Fascinating Stories of Diwali: The Festival of Lights
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Diwali, popularly known as the Indian “Festival of Lights,”— is a holiday celebrating the conquest of good over evil and new beginnings. Diwali resembles the spiritual victory of light over the devil and wisdom over ignorance. The origin of Diwali came from the Sanskrit word “Deepavali,” which means “to illuminate in a row.”
Diwali is celebrated worldwide throughout India during the Hindu Lunisolar month Kartika (between mid-October and mid-November). This year, Diwali, the festival of lights, will fall on 12th November. Diwali is a 5-day celebration comprising activities such as illuminating homes with diyas and rangoli (oil lamps or candles), offering pooja (worship), exchanging greeting cards with family and friends, spending time with family and loved ones, and enjoying family feasts.
Historically, Diwali was celebrated in ancient India as a harvest festival. It was a festival at the end of a cropping season in autumn. Though various legends point to the origins of Diwali. Many mythological fascinating stories of Diwali are presented all over India.
The most believed story behind Diwali is about Rama and Sita. Diwali commemorates the return of Rama, a major deity of Hinduism, from his 14-year-long exile and vanquishing the Ravana (mythical multi-headed demon of Lanka). In joyous celebration of the return of Rama and Sita to their home, the people of Ayodhya, the capital of Rama, celebrated the occasion by illuminating their homes and streets with earthen diyas, dancing, and bursting firecrackers all over. After this event, the day is considered one of the Hindu faith’s biggest and most important festivals.
Another believed fascinating story of Diwali is the marriage celebration of Goddess Lakshmi, the Hindu goddess of prosperity and wealth. Others celebrate Diwali as the birthday of Lakshmi, born on the new moon day of Kartika.
In some states of India, Diwali is celebrated by worshipping Kali, a goddess known for strength and female power. Ganesha, the god of auspiciousness and wisdom, is also worshipped in some other states of India during Diwali. In Jainism, Diwali has glorified the marking of the great event of Mahavira attaining the eternal bliss called nirvana.
One of the fascinating Diwali stories is when Lord Krishna defeated the demon Naraksura and brought freedom and prosperity to the people of his kingdom. Since that day, people have celebrated Diwali as the light over shade. It is believed mainly by the people of Northern India.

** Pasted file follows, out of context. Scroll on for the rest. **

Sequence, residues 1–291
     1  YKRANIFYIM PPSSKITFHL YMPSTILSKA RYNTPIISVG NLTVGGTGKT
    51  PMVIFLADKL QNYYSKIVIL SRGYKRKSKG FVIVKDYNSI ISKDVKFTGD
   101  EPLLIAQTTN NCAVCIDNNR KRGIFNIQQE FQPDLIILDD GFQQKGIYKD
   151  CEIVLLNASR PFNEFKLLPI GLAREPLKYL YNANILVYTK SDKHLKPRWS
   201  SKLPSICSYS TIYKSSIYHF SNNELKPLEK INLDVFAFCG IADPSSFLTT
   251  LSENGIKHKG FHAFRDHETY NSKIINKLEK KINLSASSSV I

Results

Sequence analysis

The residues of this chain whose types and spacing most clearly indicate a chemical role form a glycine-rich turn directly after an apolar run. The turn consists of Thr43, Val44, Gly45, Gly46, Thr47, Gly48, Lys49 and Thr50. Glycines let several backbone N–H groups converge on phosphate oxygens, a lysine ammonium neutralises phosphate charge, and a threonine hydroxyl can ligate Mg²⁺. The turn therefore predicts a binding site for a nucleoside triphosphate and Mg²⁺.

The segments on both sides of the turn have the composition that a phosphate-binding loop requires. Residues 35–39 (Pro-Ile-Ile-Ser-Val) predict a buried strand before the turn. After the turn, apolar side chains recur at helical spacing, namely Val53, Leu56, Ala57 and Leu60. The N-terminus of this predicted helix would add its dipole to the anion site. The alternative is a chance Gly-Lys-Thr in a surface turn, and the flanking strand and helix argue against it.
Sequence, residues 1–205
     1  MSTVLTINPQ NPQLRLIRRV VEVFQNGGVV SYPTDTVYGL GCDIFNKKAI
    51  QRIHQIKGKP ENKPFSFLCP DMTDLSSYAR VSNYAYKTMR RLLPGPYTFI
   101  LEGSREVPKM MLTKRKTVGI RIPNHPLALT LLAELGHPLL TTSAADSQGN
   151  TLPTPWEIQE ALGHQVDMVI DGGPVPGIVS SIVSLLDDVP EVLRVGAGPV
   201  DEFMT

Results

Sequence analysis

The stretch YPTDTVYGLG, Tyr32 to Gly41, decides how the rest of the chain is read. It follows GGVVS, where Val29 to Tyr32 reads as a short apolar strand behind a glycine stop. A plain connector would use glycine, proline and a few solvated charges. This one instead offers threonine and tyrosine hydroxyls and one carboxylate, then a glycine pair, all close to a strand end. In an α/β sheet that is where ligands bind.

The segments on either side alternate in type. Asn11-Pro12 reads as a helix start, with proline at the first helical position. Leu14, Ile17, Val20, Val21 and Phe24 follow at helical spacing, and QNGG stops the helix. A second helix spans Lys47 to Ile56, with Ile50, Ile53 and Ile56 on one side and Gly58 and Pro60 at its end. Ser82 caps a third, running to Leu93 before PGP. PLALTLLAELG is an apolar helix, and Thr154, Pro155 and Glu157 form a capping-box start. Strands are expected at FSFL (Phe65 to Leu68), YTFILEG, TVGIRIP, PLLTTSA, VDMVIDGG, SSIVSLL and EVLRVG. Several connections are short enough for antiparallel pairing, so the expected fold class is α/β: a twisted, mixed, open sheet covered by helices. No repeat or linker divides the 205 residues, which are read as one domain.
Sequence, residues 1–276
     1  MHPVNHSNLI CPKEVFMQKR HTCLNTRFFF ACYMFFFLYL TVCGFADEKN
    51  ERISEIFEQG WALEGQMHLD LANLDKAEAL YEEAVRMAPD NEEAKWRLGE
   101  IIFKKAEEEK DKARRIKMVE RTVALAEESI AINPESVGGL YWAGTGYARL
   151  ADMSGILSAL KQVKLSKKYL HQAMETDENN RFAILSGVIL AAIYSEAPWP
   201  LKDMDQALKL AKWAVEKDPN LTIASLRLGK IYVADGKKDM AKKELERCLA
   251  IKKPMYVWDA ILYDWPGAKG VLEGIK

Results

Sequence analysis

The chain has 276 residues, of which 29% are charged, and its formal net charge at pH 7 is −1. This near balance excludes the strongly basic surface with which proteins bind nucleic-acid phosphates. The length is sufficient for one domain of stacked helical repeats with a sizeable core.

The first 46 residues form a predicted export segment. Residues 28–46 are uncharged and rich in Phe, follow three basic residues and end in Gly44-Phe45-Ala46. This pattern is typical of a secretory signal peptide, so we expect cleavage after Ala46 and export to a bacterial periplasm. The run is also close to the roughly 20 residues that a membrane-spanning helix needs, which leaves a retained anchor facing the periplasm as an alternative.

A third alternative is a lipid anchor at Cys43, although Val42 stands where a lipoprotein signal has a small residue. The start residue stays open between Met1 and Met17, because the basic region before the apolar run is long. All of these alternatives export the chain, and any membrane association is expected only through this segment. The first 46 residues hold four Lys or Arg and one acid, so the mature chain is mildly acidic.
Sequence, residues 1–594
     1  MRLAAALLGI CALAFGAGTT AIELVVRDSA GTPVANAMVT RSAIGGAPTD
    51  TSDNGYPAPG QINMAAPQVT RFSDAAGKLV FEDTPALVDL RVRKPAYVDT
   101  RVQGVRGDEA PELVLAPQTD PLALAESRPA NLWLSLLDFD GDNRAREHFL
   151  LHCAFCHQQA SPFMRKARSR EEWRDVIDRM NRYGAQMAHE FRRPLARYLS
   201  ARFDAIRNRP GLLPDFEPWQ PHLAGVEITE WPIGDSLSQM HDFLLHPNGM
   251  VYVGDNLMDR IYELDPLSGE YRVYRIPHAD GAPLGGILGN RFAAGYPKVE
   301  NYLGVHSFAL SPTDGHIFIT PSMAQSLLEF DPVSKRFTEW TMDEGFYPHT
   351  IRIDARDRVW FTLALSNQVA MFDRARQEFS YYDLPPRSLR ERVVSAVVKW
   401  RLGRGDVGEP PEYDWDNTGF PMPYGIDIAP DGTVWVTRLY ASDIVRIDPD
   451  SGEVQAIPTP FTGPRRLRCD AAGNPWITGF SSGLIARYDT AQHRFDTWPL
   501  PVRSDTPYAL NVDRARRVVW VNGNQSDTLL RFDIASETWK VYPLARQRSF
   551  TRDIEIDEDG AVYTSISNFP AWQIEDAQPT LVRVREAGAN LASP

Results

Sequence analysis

Following prayers for this festival, people celebrate the event with family and friends, exchanging sweets and fruits. Diwali is a festival that comes along with a sense of togetherness. It is an ideal time to heal personal emotions and strengthen family relationships and social bondage.
Diwali gifts are exchanged among families and loved ones during this festive occasion. The silver candle is the most popular among these gifts, which is believed to bring the souls of the departed to the Goddess Smita. When lighted during the festival, it is supposed to spread a ray of light that touches God’s heart and helps it reunite with its heavenly consort. On Diwali, there is always a massive collection of gifts to choose from, such as sweets, chocolates, handbags, wallets, watches, jewelry, apparel, decorative items, diyas, pooja thalis, etc.
Diwali: Festival of Lights
Some people make use of such gifts to decorate their homes. For example, friends gather together and decorate their houses with beautiful candles of various designs and colors. The gifts are then lit, and a melodic prayer is recited by each one. They hope this beautiful gift will help them regain their lost love and prayers for a long time.
Exchanging gifts during Diwali is popular among people of all ages to express love and gratitude to their loved ones. The season is also marked by massive Diwali parties where the devotees travel from their homes to the different shrines of God to participate in the festival. With millions of goodies to offer, these parties make an occasion to remember for all the years to come. In fact, the popularity of the Diwali festival has spread to new regions as well, with the growing influence of the Mughals and the elite British cultures.
Happy Diwali to eveyone!